Perth’s changing commercial market: impacts on investors

Wednesday, 3rd Aug 2016

Perth’s suburban commercial markets are transforming as new supply continues to move towards mixed-use hubs. But what does it mean for investors?

While tenants and landlords have adopted these building types to provide a more dynamic experience to centre users, the premise of mixed-use hubs has been driven by government policy, specifically Western Australia’s planning blueprint ‘Directions 2031 and Beyond’.

The blueprint promotes “liveable, vibrant centres” where people can work and reside in the same location.

This has promoted new supply containing office/retail uses on the lower floors and residential apartments on the upper floors.

A number of local councils have either rezoned for mixed-use development, or are in the planning stages, including City of South Perth (Station Precinct), City of Stirling (Stirling City Centre) and City of Swan (Midland Master Plan), among others.

What does the move towards mixed-use developments mean for investors?

The move to mixed-use buildings in metropolitan Perth presents many opportunities for commercial property investors.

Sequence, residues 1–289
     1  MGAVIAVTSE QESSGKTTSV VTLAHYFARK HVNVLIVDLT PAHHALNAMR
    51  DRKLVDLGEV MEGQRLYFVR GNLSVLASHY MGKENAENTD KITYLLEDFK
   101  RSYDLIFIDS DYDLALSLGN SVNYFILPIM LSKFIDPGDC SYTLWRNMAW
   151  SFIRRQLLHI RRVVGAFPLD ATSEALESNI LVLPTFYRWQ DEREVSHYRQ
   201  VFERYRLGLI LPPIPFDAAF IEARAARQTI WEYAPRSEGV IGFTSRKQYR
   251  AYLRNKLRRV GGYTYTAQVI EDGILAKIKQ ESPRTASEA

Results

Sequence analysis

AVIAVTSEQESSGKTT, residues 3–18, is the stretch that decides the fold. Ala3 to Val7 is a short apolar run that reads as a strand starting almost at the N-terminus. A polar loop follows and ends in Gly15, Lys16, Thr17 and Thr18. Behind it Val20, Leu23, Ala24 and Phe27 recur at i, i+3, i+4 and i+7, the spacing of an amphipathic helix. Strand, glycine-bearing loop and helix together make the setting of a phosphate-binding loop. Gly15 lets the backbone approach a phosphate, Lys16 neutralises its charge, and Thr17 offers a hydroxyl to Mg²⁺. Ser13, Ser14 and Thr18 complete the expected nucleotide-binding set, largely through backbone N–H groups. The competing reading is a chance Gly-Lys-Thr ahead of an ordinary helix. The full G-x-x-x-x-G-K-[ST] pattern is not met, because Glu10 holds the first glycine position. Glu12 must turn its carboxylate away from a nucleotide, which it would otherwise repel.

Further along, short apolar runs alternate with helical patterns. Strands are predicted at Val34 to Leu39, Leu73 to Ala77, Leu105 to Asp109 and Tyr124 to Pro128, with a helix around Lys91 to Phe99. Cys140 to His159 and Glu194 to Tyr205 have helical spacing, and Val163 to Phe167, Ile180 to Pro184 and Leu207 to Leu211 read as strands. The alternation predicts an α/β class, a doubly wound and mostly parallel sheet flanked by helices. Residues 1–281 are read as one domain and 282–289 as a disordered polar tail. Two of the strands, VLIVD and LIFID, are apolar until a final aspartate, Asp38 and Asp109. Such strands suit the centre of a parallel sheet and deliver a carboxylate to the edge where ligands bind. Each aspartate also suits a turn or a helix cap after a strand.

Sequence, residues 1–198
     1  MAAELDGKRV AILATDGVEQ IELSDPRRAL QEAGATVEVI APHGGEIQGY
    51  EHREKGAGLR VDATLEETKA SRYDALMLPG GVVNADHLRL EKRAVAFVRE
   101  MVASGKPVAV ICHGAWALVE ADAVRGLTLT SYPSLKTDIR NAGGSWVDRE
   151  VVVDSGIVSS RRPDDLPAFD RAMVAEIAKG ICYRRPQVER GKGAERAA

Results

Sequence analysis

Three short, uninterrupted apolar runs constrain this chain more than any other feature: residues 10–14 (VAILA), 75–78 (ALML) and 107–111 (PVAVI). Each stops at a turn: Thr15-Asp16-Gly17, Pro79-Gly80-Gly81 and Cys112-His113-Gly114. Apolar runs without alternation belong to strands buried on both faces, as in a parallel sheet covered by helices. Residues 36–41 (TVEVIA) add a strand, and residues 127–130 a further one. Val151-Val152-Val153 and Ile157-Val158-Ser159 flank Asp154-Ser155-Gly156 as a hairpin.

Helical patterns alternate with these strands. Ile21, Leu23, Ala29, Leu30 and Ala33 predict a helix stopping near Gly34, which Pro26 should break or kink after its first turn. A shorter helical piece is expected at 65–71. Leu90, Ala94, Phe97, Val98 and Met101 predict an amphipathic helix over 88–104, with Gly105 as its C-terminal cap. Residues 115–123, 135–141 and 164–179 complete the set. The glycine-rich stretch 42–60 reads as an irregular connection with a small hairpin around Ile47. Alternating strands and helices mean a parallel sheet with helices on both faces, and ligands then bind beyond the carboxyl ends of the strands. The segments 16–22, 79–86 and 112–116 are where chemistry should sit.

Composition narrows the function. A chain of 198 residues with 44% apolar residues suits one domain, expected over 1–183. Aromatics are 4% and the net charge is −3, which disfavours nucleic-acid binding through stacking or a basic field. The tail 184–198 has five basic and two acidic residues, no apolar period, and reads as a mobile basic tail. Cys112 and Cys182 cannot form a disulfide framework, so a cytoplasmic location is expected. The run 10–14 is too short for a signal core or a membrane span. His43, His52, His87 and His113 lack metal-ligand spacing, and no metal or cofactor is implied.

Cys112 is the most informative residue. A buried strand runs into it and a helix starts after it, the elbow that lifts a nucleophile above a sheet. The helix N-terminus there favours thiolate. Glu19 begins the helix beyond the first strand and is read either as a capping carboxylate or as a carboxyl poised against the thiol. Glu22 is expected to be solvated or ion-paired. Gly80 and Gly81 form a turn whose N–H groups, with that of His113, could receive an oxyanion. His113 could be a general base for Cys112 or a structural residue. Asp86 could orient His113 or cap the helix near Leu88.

The higher-density housing comprised within these developments delivers greater population density that can lead to greater demand at local retailers, for example.

This may help to revive some decaying suburban precincts or activate new areas.

However, there are also a number of risks that investors need to be aware of as well.

Investors considering acquiring commercial space need to understand which councils are undertaking rezoning to allow mixed-use developments.

The specific requirements to build these types of projects will vary from area to area, so investors need to understand these different criteria.

For example, the South Perth Station Structure Plan requires a minimum plot ratio of 1.0 for commercial use in any mixed-use development, such as the Civic Heart development.

This requires developers to construct at least 1 square metre of commercial grade space for every 1sqm of land area.

The aim is to create an additional 120,772sqm of commercial floor space in the area over the life of the plan.

Areas that are introducing a significant amount of new commercial space may be subject to an oversupply of stock.

The new stock provides increased competition for existing commercial premises and, if too much stock is added to an area, some commercial property owners may have to accept long vacancy periods or rent reductions.

Given these changing markets, investors need to complete adequate research to determine how rezoning will affect specific areas and change supply and demand dynamics.